Over the years, CPF system has served well for Singaporeans in supporting their retirement, housing and healthcare needs. While retirement adequacy has been improving in the recent years, several more enhancements to the CPF are expected to be rolled out this year.
At Committee of Supply 2017 debate, Mr Lim Swee Say, Minister for Manpower introduced three new areas of improvement to the CPFIS. First is the introduction of a self-assessment tool to help members determine for themselves whether CPFIS is suitable for them. “At the end of the assessment, they can choose to decide if to proceed investing through CPFIS. Even though the self-assessment tool actually helps them discover that the scheme is not for them. It is still their decision. Basically, what we are going to do is to help them to at least understand whether they are suitable.”
Secondly, lowering of the cap on sales charge. This is to discourage financial intermediaries from proactively selling products to CPF members because the investment churning could actually erode investment returns.
Third, we are going to review the types of asset classes offered under the CPFIS, to see if they are appropriate for growing retirement savings. This is to encourage members to invest for the long-term, and provide members with a diversified portfolio. These changes are expected to be rolled out by the MOM later this year.
CPF members who prefer a simpler investment option can look forward to the CPF Lifetime Retirement Investment Scheme (LRIS) that is currently under progress. As recommended by the CPF Advisory Panel, the LRIS will have low fees, simple investment choices, investments that are passively managed, and mechanisms to encourage long term investment.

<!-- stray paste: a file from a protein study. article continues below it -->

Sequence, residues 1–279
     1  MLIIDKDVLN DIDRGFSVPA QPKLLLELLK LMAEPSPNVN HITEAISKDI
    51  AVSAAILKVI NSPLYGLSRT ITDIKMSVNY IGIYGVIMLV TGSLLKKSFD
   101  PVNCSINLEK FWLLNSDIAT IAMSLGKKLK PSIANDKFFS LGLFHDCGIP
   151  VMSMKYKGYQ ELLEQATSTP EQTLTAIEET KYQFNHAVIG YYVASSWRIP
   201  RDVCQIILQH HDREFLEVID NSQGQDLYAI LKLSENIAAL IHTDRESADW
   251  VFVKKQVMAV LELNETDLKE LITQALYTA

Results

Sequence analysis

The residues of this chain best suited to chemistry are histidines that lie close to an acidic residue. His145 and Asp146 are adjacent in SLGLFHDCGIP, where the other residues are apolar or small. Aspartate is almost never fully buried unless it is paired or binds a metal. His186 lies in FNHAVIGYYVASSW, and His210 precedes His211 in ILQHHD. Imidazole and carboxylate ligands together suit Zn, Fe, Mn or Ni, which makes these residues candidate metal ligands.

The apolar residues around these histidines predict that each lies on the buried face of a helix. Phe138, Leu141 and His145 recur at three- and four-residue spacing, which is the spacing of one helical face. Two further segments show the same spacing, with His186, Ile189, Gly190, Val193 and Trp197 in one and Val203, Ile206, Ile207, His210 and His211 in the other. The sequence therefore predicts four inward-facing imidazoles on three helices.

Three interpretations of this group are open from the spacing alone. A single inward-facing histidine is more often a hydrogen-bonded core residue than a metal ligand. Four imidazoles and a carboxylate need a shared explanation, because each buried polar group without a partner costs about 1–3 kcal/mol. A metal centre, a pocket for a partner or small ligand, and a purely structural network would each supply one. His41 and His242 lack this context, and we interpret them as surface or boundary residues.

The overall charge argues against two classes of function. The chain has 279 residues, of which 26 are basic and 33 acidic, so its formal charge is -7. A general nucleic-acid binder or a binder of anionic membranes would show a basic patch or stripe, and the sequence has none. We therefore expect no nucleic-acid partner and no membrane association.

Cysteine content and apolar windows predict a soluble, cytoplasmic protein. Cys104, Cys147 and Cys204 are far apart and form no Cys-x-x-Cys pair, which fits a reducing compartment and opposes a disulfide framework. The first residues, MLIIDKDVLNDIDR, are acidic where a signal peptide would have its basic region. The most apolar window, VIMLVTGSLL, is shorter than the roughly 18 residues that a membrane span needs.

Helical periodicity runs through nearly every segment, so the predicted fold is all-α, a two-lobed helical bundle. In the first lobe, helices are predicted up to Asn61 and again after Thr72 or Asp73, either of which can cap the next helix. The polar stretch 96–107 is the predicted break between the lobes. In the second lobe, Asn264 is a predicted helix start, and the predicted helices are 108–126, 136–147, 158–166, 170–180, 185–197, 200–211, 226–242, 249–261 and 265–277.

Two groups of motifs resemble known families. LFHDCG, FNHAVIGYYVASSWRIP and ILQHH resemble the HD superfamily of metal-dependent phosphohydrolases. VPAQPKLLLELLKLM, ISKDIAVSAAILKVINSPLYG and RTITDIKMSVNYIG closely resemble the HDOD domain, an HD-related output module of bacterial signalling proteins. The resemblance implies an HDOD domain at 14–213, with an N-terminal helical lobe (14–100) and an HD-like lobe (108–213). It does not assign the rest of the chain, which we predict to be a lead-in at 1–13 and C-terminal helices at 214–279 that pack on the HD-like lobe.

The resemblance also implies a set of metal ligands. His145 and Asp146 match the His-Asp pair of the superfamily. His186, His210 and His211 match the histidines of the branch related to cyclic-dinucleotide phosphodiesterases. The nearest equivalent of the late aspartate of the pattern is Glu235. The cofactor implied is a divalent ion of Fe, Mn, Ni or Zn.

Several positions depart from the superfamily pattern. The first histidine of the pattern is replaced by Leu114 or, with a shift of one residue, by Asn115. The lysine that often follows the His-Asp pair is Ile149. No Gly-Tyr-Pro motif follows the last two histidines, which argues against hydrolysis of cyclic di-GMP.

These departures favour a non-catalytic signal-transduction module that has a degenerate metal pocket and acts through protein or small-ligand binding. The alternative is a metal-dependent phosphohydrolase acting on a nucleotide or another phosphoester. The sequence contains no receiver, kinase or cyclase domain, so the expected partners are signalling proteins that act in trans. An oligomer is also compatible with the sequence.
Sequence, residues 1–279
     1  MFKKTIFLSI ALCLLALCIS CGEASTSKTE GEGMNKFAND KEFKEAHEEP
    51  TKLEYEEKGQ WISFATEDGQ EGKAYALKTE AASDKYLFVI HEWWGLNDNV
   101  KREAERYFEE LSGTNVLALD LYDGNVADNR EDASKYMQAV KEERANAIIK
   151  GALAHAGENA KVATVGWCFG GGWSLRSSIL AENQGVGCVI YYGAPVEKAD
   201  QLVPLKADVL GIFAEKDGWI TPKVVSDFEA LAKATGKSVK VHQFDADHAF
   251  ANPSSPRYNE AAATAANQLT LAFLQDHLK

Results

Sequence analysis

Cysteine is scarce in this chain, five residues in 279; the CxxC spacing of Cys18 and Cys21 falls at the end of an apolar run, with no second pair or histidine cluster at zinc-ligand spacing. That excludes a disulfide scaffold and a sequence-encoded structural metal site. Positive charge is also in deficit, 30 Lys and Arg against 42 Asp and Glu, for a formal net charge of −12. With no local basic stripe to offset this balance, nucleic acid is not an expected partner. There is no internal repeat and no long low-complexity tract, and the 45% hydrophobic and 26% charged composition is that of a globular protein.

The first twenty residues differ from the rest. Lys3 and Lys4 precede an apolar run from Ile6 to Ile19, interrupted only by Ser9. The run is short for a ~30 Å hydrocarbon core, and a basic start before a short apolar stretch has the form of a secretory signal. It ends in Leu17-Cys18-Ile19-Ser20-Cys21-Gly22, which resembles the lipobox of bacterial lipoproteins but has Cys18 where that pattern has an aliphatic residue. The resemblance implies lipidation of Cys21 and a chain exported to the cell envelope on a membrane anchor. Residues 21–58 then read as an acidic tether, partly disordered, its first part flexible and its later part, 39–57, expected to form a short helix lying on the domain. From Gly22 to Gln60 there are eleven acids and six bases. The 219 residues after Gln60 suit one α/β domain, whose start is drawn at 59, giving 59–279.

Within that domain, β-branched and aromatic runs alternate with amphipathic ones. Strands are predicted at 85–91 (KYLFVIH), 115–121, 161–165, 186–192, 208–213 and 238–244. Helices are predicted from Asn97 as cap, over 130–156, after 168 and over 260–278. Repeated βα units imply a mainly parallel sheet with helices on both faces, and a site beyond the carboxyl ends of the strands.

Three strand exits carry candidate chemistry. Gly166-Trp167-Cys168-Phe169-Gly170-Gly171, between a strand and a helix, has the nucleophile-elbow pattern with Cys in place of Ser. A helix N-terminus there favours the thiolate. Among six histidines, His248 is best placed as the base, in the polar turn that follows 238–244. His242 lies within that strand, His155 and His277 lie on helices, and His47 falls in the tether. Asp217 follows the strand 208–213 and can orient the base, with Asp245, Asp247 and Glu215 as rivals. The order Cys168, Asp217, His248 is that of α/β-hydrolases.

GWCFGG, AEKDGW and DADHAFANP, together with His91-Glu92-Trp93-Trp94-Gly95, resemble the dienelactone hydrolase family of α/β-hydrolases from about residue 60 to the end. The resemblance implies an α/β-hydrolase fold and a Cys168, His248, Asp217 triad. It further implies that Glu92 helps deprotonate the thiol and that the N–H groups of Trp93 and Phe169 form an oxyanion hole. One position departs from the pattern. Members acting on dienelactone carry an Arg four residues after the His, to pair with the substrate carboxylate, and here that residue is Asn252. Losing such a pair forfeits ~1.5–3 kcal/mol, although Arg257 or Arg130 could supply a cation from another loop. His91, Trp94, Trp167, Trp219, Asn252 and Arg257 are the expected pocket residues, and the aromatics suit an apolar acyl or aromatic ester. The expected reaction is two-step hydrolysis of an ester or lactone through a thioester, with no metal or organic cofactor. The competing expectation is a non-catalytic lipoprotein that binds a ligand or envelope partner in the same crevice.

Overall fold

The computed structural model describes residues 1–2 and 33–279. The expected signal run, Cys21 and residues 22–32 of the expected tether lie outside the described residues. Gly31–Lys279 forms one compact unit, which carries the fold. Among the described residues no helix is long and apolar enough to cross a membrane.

Putting together these schemes, CPF members will have three ways to grow their retirement savings in future – Risk-free CPF Interest rates, CPF Investment Scheme and CPF Life Retirement Investment Scheme. Also, plans are underway to introduce an additional option for the CPF LIFE plan from January 2018, as recommended by the CPF Advisory Panel. This is to allow members an option of starting their CPF LIFE payout with a lower initial pay-out which then escalates at 2 percent per year.
In 2013, about six in 10 active members turning 55, met the Basic Retirement Sum. “We expect this proportion to increase to seven in 10, for members turning 55 in 2020. With wage growth and higher labour force participation rate, especially among older workers, we can expect CPF balances to keep improving in the years ahead,” Mr. Lim said.
To help CPF members boost their retirement savings, several enhancements were introduced last year – such as the CPF salary ceiling was raised from $5,000 to $6,000 and about 1million CPF members were benefitted by this move. For instance, a member who is 40 years old and earning $6,000 a month will save $370 more per month. And with interest, it will grow to $149,000 by the age of 65.
About 570,000 workers aged 50 and above benefited from increase in our CPF contribution rates. Another one million CPF members aged 55 and above benefited from an additional extra interest of 1% on their first $30,000 savings in CPF. Also last year, CPF members were allowed to transfer savings to their spouses account, and about 2,700 members took advantage of this facility, which is more than 70 percent a year before.
Now, beyond the Basic Retirement Sum and the Full Retirement Sum, the Government introduced the Enhanced Retirement Sum (ERS) last year. About 9,000 members exercised this new option to top up beyond the Full Retirement Sum. Those with ERS at age 55 will receive $1,900 per month for life when they reach the withdrawal age of 65.
Last but not least, CPF members now also have the option of deferring the starting age of their CPF LIFE payouts, up to the age of 70. So they don’t have to start at 64 even though the payout eligibility age now is 64. If they want to, they can defer up to the age of 70. On the whole, these recent CPF changes introduced by the Government will help both the young and the older members to improve on their retirement adequacy.
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